The New Banking Channel Network: Improving the Bottom Line through Channel Optimization

Current trends across market segments point to a difficult low-growth environment for banks, which must respond by reducing branch-based costs and reinvesting in alternative low-cost channels. Previous attempts to develop a coherent multichannel model proved unsuccessful. Customers are now ready to adopt multichannel access points to transact with banks but they must be educated about alternative channel capabilities. Banks need to adopt an integrated channel architecture and specific capabilities to support the mission of each channel.

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Leading Research

Paul Hyde Ashish Jain Kumar Kanagasabai Javier Sepulveda-Navarro

The New Banking Channel Network Improving the Bottom Line through Channel Optimization
This report was originally published before March 31, 2014, when Booz & Company became Strategy&, part of the PwC network of firms. For more information visit

Current Trends across Market Segments Point to a Difficult LowGrowth Environment for Banks

Trends 2009–2015
ƒ Future income stream hit by unemployment and flat/falling wages ƒ Demand for lending products contracting as customers seek to de-lever and increase savings rate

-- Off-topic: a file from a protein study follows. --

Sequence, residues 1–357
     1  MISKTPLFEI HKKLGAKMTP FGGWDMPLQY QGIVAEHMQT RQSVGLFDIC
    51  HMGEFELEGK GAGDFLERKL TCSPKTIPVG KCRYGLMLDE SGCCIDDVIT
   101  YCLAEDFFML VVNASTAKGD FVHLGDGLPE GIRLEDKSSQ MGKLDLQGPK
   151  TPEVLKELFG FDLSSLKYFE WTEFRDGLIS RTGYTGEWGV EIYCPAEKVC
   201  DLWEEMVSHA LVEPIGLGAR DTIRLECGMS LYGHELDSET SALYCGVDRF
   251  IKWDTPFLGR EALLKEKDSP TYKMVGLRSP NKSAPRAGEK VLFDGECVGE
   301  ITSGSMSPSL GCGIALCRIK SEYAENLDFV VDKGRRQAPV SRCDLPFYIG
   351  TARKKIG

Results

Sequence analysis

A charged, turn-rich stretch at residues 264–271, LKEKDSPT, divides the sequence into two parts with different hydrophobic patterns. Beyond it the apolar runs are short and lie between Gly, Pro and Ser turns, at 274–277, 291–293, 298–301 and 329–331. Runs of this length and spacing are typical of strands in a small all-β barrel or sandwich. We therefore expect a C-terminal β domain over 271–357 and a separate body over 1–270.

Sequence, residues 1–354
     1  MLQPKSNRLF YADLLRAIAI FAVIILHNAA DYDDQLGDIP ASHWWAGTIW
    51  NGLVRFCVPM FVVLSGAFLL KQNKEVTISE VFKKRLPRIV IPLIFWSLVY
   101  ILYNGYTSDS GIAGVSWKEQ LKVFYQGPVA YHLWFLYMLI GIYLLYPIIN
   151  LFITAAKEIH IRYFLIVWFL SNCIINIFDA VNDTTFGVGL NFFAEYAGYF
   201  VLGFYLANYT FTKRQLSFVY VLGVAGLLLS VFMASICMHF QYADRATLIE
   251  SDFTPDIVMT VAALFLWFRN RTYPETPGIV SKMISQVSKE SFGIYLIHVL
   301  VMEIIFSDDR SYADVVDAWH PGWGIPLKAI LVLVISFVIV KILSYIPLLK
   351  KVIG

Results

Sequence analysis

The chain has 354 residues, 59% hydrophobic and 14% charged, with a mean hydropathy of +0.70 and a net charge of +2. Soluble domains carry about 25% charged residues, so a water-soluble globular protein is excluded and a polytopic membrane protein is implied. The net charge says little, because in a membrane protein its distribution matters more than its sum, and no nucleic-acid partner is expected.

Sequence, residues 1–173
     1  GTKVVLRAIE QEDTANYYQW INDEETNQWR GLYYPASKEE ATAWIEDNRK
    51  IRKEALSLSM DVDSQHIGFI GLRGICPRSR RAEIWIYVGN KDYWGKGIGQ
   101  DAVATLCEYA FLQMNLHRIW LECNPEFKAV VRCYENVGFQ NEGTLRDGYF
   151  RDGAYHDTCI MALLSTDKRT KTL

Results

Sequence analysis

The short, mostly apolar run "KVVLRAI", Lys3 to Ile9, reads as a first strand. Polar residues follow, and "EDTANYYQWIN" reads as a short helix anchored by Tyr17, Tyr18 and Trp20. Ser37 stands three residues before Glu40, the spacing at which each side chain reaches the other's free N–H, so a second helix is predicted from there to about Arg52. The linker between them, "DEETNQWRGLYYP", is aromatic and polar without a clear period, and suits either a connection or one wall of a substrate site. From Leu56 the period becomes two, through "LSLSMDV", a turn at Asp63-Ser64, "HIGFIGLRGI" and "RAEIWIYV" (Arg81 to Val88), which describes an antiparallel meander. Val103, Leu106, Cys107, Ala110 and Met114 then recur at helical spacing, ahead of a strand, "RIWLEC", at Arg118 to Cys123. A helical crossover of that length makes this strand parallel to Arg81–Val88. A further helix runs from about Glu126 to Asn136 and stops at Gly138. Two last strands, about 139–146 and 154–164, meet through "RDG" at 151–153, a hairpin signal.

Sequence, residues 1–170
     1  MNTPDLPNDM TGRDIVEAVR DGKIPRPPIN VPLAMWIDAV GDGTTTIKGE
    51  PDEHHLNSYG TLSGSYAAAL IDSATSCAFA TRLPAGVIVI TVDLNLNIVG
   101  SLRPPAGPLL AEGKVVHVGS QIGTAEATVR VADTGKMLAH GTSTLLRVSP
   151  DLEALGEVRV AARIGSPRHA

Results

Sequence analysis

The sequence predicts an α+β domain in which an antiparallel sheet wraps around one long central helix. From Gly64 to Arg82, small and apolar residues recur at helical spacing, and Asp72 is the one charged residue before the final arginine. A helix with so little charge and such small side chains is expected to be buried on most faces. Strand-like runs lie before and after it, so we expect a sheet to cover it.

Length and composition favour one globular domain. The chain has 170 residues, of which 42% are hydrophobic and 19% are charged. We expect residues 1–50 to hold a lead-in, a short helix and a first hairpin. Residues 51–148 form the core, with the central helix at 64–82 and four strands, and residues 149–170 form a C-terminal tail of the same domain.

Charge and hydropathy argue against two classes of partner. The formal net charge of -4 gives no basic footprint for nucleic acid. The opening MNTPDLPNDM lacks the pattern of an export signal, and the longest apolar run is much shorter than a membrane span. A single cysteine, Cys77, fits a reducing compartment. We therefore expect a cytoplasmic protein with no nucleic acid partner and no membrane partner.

ƒ Income and home assets hit, but recovering as earning power more resilient and wealth diversified Mass Affluent ƒ Debt servicing capacity recovering, with balance sheet and income leading to some lending growth ƒ Strong preference for remote channels for day-to-day transactions ƒ Small businesses’ appetite for, and access to, debt will recover slowly, and banks and businesses continue to de-lever ƒ Small business profits to recover slowly, in line with the economy and consumer spending ƒ Population ages 65 and older to grow by 30% to almost 50 million by 2015 Retirees ƒ Demand increasing for investment products to supplement uncertain Social Security payments ƒ Acceptance of online delivery methods is increasing ƒ Gen Y and younger to grow from 26% to about 40% of the workforce by 2015 ƒ Rely heavily on new media (e.g., social networking, iPhone applications) in day-to-day activities
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Small Business

Gen Y


These Trends Are Creating New Pressures to Reduce Branch-Based Costs and Reinvest in Alternative Low-Cost Channels
Channel Cost Structure - Banks
Reduce Costs
10% 5% 10%

Pressures on the Branch Network ƒ Aggressive branch growth resulting in oversupply in certain markets ƒ Shifting of branch volume for servicing and transactions to virtual channels driving higher unit cost at branch

Increase Investments

ƒ 70% of the branch traffic is driven by the least profitable customers (i.e., mass market) ƒ Limited branch channel usage by younger, more affluent customers ƒ Customer expectation for ubiquitous connectivity and seamless integration across all channels




Call Center Online/Mobile


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Previous Attempts to Develop a Coherent Multichannel Model Proved Unsuccessful